Initially, LIMRA and Verisk will focus on creating more robust solutions while improving overall automation. This will include integration with Verisk’s FAST life insurance platform, giving joint customers real-time access to FraudShare and additional threat intelligence data. The partnership will provide all FraudShare users with enhanced threat intelligence data and expanded data analytics and automation capabilities. Through this partnership, LIMRA and Verisk will enable FraudShare clients to mitigate a wider range of fraud threats facing the insurance, retirement and recordkeeping industries.

To support life insurers throughout the policy lifecycle, Verisk has developed a suite of solutions that apply advanced analytics, automation and machine learning to existing and emerging data sources. The solutions are designed to help transform current workflows in life insurance underwriting, life and retirement analytics, claims information, unclaimed property/equity, compliance and fraud detection and actuarial and portfolio modelling.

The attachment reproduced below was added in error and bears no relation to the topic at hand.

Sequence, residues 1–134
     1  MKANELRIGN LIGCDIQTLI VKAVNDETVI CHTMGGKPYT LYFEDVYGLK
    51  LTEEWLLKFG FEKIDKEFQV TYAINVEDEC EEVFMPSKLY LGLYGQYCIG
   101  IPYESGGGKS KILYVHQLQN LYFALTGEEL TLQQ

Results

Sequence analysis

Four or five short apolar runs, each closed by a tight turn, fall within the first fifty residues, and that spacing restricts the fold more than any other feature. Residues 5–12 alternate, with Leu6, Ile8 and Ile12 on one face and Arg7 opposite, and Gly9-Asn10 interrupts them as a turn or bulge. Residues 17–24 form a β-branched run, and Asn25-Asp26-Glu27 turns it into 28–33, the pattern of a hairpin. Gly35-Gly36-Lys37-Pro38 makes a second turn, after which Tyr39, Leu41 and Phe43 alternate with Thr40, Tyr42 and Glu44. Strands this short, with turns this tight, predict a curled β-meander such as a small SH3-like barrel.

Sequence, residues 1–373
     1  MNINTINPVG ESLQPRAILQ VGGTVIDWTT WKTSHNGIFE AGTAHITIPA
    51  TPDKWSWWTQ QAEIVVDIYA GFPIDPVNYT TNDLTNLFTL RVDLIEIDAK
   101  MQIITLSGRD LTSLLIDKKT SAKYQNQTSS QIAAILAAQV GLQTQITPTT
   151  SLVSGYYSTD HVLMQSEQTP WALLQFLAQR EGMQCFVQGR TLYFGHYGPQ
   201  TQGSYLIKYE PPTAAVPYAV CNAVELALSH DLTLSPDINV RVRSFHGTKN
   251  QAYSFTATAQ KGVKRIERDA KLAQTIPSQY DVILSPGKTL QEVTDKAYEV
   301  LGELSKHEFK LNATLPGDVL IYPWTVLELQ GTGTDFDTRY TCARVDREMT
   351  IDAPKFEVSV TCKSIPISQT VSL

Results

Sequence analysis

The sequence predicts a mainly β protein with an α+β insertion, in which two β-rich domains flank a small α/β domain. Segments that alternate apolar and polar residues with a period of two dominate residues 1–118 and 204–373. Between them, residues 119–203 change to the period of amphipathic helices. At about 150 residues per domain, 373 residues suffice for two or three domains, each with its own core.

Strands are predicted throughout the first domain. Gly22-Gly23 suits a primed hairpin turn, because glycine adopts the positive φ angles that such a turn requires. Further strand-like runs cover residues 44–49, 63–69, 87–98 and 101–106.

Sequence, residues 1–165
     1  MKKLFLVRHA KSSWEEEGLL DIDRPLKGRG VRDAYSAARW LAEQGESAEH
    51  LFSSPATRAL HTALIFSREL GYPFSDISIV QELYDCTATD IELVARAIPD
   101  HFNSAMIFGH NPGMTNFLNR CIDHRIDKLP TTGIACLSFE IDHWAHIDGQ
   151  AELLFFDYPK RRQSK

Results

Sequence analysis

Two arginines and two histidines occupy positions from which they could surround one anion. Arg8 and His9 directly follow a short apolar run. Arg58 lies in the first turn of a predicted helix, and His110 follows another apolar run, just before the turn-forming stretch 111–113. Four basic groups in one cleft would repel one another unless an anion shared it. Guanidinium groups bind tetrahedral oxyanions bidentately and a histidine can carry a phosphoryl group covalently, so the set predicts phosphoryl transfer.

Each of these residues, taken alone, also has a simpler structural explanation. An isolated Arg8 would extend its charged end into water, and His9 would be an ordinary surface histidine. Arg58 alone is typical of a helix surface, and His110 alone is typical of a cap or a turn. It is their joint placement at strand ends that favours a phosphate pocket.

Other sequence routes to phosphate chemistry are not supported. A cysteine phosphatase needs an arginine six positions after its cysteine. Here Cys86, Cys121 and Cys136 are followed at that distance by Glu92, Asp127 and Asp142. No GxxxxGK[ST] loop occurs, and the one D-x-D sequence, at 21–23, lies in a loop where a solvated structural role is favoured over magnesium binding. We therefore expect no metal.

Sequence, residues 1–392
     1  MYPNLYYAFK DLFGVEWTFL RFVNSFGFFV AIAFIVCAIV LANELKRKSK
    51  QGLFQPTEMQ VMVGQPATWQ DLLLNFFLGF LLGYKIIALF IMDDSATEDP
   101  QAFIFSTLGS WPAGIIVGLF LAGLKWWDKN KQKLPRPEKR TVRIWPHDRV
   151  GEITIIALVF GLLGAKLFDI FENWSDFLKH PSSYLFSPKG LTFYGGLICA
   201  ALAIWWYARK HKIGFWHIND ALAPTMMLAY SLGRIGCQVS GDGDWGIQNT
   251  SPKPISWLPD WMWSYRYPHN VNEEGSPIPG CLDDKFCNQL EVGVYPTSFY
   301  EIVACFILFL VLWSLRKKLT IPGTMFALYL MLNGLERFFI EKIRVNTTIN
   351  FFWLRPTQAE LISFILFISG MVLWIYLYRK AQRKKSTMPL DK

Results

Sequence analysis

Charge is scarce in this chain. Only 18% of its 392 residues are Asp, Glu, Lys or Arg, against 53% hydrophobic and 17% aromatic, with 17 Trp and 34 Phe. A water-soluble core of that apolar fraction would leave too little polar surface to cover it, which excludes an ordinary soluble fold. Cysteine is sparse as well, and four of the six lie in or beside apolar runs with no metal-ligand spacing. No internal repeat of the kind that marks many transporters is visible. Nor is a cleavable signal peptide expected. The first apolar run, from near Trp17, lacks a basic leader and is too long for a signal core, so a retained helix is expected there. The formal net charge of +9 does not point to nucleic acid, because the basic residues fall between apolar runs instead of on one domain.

To learn more about FraudShare, visit

To learn more about Verisk life insurance solutions, visit

About Verisk
Verisk (VRSK) provides data-driven insights and analytical solutions for the insurance and energy industries. Through advanced data analytics, software, scientific research and deep industry knowledge, Verisk enables customers to enhance operational efficiency, improve underwriting and claims results, fight fraud and make informed decisions on global issues, including climate change and extreme events, as well as ESG policies and topics. With offices in more than 30 countries, Verisk regularly achieves certification by Great place to work and promotes a inclusive culture where all team members feel like they belong. To learn more, visit and the Verisk Newsroom.

Serving the industry since 1916, LIMRA offers industry knowledge, insights, connections and solutions to help more than 700 member organizations face change with confidence. Visit LIMRA at

Insurance-Services-Office-Inc-.png ]]> New York State Legislature Seeks to Regulate Work-Related ‘Quotas’ for Warehouse Workers | Smaller Tue, 14 Jun 2022 21:59:16 +0000